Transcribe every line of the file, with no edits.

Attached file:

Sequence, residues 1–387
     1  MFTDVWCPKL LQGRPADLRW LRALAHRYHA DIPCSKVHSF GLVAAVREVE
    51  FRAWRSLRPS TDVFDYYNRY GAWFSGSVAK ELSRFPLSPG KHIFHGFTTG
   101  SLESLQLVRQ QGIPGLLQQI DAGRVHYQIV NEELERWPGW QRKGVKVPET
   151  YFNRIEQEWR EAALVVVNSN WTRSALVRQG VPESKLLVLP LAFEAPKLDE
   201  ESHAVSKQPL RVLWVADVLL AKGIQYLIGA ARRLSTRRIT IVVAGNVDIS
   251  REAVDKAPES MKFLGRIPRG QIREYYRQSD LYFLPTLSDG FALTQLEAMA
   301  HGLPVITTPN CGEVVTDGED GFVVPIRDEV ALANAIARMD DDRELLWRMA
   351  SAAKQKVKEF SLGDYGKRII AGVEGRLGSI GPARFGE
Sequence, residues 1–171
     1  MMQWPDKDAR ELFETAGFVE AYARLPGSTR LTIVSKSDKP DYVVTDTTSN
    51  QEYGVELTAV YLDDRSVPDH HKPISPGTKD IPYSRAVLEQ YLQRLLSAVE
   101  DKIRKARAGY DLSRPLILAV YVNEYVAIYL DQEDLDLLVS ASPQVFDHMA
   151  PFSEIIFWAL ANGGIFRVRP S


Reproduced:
Sequence, residues 1–387
     1  MFTDVWCPKL LQGRPADLRW LRALAHRYHA DIPCSKVHSF GLVAAVREVE
    51  FRAWRSLRPS TDVFDYYNRY GAWFSGSVAK ELSRFPLSPG KHIFHGFTTG
   101  SLESLQLVRQ QGIPGLLQQI DAGRVHYQIV NEELERWPGW QRKGVKVPET
   151  YFNRIEQEWR EAALVVVNSN WTRSALVRQG VPESKLLVLP LAFEAPKLDE
   201  ESHAVSKQPL RVLWVADVLL AKGIQYLIGA ARRLSTRRIT IVVAGNVDIS
   251  REAVDKAPES MKFLGRIPRG QIREYYRQSD LYFLPTLSDG FALTQLEAMA
   301  HGLPVITTPN CGEVVTDGED GFVVPIRDEV ALANAIARMD DDRELLWRMA
   351  SAAKQKVKEF SLGDYGKRII AGVEGRLGSI GPARFGE
Sequence, residues 1–171
     1  MMQWPDKDAR ELFETAGFVE AYARLPGSTR LTIVSKSDKP DYVVTDTTSN
    51  QEYGVELTAV YLDDRSVPDH HKPISPGTKD IPYSRAVLEQ YLQRLLSAVE
   101  DKIRKARAGY DLSRPLILAV YVNEYVAIYL DQEDLDLLVS ASPQVFDHMA
   151  PFSEIIFWAL ANGGIFRVRP S